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By GARY ROBERTSON, Associated Press
RALEIGH, N.C. — Gov. Beverly Perdue says North Carolina can recover tens of millions dollars annually by shifting more Medicaid investigations from file cabinets to computer files that can be flagged for potential abuse and fraud in the state’s $10 billion system.
Perdue rolled out the state’s latest effort that includes help from (NYSE: IBM) to target patients or physicians who are gaming the system.
The program will run Medicaid claims through IBM’s software program, crunching raw electronic billing and other data to identify suspicious trends among the nearly 2 million Medicaid patients and 60,000 Medicaid providers in the state. Medicaid investigations have historically relied on paper documents and workers had trouble analyzing such data, according to the Department of Health and Human Services.
The initial effort won’t require a large state investment. The state didn’t pay IBM for the software program, Health and Human Services Secretary Lanier Cansler said. Instead, the company will get an amount equal to 10 percent of the money that the department determines should be recouped because services were fraudulent or unnecessary, with IBM’s total capped at $5.4 million annually.
"It’s like fishing," Cansler said. "You fish to find the people who break the rules. We’ve been fishing with a cane pole. The governor’s pushed us to get depth finders, where we can not only locate the school of fish we can also locate the big fish."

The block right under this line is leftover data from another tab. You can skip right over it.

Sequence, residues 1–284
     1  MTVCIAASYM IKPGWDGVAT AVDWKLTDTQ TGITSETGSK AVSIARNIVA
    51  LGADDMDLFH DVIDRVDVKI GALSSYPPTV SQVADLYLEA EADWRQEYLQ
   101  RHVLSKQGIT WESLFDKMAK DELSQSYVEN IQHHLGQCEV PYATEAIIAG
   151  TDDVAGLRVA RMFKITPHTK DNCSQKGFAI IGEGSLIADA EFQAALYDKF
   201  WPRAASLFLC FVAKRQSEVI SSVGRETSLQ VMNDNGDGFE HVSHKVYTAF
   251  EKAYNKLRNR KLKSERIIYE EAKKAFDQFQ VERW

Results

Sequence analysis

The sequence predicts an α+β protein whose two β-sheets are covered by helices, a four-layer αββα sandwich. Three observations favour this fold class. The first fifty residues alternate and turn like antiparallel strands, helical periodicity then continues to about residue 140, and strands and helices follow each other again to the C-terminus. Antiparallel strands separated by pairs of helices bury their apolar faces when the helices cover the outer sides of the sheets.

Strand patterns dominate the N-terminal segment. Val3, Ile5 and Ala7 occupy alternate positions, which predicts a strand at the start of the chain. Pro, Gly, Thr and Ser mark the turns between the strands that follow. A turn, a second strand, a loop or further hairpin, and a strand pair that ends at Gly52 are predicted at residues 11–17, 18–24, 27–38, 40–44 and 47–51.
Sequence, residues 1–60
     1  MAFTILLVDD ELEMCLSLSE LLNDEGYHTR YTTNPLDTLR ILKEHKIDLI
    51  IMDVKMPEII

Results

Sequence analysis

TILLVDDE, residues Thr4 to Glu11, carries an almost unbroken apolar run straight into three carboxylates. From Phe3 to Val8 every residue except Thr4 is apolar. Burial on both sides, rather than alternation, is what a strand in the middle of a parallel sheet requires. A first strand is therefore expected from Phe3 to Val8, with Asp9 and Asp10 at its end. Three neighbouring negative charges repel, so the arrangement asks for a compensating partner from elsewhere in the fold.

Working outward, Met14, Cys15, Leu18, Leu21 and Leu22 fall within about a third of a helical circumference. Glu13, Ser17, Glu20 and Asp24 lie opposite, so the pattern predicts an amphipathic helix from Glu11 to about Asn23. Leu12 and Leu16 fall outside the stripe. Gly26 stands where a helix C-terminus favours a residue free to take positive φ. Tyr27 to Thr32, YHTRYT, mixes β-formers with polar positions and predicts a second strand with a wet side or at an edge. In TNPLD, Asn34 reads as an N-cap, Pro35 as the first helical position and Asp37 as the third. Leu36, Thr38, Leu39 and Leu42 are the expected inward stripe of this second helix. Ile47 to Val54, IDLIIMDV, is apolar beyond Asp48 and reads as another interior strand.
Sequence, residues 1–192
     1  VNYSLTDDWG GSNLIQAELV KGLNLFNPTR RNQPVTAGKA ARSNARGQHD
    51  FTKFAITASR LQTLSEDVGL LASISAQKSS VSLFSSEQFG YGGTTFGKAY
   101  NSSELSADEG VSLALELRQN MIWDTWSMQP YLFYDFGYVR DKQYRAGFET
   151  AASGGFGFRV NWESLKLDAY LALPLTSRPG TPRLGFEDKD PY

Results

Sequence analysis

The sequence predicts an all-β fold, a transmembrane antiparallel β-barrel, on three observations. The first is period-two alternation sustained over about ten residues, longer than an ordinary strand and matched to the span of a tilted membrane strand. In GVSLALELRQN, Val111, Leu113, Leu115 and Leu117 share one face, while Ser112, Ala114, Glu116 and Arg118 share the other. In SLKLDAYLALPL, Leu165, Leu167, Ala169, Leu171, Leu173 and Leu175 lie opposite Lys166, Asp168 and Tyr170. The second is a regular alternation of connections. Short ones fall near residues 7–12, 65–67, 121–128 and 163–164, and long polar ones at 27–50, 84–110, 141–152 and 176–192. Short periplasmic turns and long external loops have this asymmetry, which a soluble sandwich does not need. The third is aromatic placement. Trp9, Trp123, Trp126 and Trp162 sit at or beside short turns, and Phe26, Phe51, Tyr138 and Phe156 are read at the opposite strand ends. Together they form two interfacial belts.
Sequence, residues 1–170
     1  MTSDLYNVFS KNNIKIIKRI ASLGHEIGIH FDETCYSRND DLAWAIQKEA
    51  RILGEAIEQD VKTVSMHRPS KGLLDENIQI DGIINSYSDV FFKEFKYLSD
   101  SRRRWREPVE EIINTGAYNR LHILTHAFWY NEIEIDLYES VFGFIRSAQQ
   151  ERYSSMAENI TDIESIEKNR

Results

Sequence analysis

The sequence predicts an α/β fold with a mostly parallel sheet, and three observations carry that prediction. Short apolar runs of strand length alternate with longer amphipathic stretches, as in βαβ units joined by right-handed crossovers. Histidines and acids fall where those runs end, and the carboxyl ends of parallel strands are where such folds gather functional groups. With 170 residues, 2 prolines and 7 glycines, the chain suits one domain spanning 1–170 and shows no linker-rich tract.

Other anti-fraud efforts, some using another computer program, have shown some success.
The pressure to locate additional dollars in Medicaid is growing as state revenues stagnate and the state’s portion of the program is on track to cost $250 million more than budgeted this year. Medicaid is the federal-state government insurance program for low-income families and senior citizens, as well as people with disabilities.
"There are better ways to do it in 2010," Perdue said in a news conference held in a catherization lab at Rex Hospital in Raleigh. "This system has the capacity to identify potential fraud, waste and abuse and we’re doing it with the speed and efficiency that we never thought was possible before."
Perdue also wants to double the size of fellow Democrat Attorney General Roy Cooper’s anti-fraud unit, so it can prosecute more lawbreakers, and she wants tougher laws to discourage fraud among health care providers.
Republicans in the Legislature have urged Democratic administrations to use "data mining" techniques designed to locate potential fraud, citing success in other states.
"I’m glad that they’re moving forward with it. I’m just still perplexed why it’s taken so long for them to pick up on this idea," Senate Republican Leader Phil Berger, R-Rockingham.
Perdue’s anti-fraud software initiative, which should be fully running by early summer, already has found some unusual cases that required further inspection.
Perdue said a program demonstration using 2007 Medicaid documents uncovered one provider that billed the system $45,000 in "miscellaneous" prosthetic limbs. It’s also not unusual for some Medicaid patients to go from doctor to doctor to receive services so they can get access to controlled substances, the governor said.
The most extreme cases of potential fraud will be sent to a newly created Medicaid "SWAT" team that will investigate providers or consumers. Cooper’s office also could be called in to pursue criminal charges.
"Medicaid fraud hurts our state’s most vulnerable residents and robs taxpayers," Cooper said in Perdue’s news release. Cooper’s Medicaid fraud unit, comprising 19 investigators and State Bureau of Investigations agents, helped recover $52 million last year.
Perdue said she also wants lawmakers to toughen rules to stop kickbacks to health care providers who refer patients to certain Medicaid services and to end the solicitation of patients to obtain unnecessary services. The governor also announced a publicity effort to blow the whistle on potential Medicaid fraud or waste.